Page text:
These metabolic boosts can be seen from just 25-30 mins of high intensity interval training, and can result in far greater fat loss over time than doing stead-state cardio alone.
MYTH #5 – Fasted is better
We are all familiar with the concept that by doing fasted cardio first thing in the morning we will tap into fat stores. However, we also need to consider that without adequate fuel for our workout our bodies will first use carb and fat fragments in our bloodstream, rather than the fat cells around the body. Doing intense cardio in a fasted sate can also mean we become hyperglycemic and dehydrated, resulting in a drop in intensity where we can feel as if we are working far harder than we actually are.
While fasted cardio increases the proportion of calories burned from fat during exercise, the total number of calories burned decreases according to our level of exertion. So if we have less fuel or energy to workout, it feels much harder even if we are working out less intensely.
Our bodies have a set order in which they use nutrients for fuel:
- Blood glucose
- Stored carbohydrates (muscle glycogen)
- Stored body fat
- Stored body protein (muscle)
That means when we exercise in a fed state, with readily available carbs, the body will burn those carbs over body fat. While if we exercise in a fasted state such as when we wake up in the morning, the body will use dietary fat and then stored body fat for fuel. However, research has shown that the body compensates for an increase in fat burning during fasted cardio with a decrease in fat burning during the rest of the day. Those that train fasted burn more fat during the workout, but then burn more calories from carbs and less from fat during the rest of the day, while those who train fed burn more readily available carbs during their workout, and more fat for the rest of the day.
Fasted cardio doesn’t lead to greater fat loss than fed cardio – what seems to matter most then is the number of calories burned in total over the course of the day.
Other popular myths: “In order to burn fat you need to stay in the Fat-burning Zone”
Steady-state or lower intensity cardio sessions do burn fat as fuel, when we are in that “fat-burning zone” of 65% of our max. BUT we need to focus on overall energy expenditure. Since the more intense a workout session is the more total calories we will burn, especially when we consider the EPOC effect, where the bodies has to work harder for the rest of the day to come back to its balance, meaning we continue to burn calories for upto a 24 hour period post-exercise.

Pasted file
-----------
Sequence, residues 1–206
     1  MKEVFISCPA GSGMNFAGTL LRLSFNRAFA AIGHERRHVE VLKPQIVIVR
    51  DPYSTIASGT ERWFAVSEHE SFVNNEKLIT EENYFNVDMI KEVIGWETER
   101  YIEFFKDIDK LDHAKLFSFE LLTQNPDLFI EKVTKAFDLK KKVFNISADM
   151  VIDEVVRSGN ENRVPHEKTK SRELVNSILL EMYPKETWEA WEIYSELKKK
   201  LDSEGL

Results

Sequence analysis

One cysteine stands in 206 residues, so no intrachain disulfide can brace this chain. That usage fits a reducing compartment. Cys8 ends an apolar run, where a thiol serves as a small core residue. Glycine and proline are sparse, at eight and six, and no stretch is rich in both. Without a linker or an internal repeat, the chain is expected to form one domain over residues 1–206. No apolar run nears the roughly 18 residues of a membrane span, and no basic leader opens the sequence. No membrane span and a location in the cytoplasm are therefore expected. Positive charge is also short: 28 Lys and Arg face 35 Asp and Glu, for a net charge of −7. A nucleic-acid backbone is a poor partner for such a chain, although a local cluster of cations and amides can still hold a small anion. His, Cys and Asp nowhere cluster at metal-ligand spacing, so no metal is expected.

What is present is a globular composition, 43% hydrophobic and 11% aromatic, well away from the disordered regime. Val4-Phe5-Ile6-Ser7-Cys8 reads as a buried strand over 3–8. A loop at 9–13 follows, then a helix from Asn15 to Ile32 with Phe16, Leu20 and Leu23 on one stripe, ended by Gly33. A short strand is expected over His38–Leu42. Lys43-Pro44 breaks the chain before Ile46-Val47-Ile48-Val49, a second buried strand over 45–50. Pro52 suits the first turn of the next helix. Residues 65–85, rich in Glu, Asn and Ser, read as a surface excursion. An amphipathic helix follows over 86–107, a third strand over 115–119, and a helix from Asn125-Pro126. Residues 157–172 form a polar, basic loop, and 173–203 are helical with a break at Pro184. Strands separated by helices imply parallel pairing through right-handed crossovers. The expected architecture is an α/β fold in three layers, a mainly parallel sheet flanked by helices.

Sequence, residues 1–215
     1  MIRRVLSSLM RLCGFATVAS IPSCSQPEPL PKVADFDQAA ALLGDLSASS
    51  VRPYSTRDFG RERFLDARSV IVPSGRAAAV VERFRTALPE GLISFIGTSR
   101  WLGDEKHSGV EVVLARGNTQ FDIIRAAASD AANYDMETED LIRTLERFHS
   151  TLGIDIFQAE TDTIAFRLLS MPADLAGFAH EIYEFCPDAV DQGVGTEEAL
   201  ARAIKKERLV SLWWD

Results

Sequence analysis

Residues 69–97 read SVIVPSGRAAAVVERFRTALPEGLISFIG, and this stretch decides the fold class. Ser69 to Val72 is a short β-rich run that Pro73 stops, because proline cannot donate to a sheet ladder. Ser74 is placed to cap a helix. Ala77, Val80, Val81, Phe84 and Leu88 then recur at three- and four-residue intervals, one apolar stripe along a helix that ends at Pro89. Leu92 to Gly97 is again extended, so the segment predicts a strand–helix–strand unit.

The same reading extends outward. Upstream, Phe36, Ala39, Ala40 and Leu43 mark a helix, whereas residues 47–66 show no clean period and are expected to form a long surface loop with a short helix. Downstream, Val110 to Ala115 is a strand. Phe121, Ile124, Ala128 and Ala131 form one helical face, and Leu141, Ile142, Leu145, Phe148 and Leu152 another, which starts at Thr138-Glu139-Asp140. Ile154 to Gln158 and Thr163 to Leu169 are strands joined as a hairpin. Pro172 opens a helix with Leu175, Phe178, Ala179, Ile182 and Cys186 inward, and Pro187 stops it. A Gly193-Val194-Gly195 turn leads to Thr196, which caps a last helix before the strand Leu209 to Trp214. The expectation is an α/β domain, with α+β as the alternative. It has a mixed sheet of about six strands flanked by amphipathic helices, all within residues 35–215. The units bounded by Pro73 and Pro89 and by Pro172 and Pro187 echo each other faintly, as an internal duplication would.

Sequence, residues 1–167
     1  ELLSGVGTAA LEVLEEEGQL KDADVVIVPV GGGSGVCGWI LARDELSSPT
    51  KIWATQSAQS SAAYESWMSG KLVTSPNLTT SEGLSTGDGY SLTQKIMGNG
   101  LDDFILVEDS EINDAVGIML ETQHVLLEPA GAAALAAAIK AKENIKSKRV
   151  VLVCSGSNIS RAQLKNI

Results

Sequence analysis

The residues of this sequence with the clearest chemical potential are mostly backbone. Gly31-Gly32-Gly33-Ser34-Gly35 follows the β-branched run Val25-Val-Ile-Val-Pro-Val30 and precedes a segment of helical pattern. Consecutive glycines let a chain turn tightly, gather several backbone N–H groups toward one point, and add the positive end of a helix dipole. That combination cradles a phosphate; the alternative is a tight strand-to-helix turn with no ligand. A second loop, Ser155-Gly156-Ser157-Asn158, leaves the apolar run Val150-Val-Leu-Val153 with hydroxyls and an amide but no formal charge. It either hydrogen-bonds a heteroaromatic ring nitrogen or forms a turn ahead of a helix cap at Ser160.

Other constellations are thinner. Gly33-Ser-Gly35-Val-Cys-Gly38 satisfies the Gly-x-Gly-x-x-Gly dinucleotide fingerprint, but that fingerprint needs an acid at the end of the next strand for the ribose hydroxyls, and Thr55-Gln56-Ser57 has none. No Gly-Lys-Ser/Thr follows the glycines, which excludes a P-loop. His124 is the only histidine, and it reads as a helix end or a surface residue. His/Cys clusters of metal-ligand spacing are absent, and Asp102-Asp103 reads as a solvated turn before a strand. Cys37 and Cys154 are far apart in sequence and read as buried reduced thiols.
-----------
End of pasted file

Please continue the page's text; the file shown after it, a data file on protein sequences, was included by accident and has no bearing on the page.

This means that we need to vary the lower and higher intensity sessions, since high intensity is very taxing on the body.
“We should do Cardio BEFORE Weights”
The order in which we do cardio or weights matters less, and the intensity in which we do them matters more. If we are doing a cardio session then going into a resistance workout straight after, we aren’t going to have the same intensity as if we just focused on one. So we should separate or alternate our high intensity cardio days and weight training days to ensure we are training hard for both.
Lower intensity cardio could be beneficial AFTER a heavy weights session, when we consider that cardio can help the body repair muscle damage faster by increasing blood flow. By doing a cardio session after a heavy leg day, or going on the rowing machine after an upper body session, we could reduce soreness the next day, by allowing the body to remove waste products like lactic acid from the body quicker, and recover quicker.
- We should rely less on calorie counters on cardio machines, and focus more on the intensity of the cardio we do.
- HIIT cardio sessions result in more fat loss in less time than steady state cardio
- However HIIT can be very taxing on the body so should be limited to 2-3 sessions a week
- Fasted cardio alone does not burn more fat than fed-state cardio
- We should use cardio alongside Resistance training in order to build more muscle and increase our metabolic rate, rather than opting for cardio alone.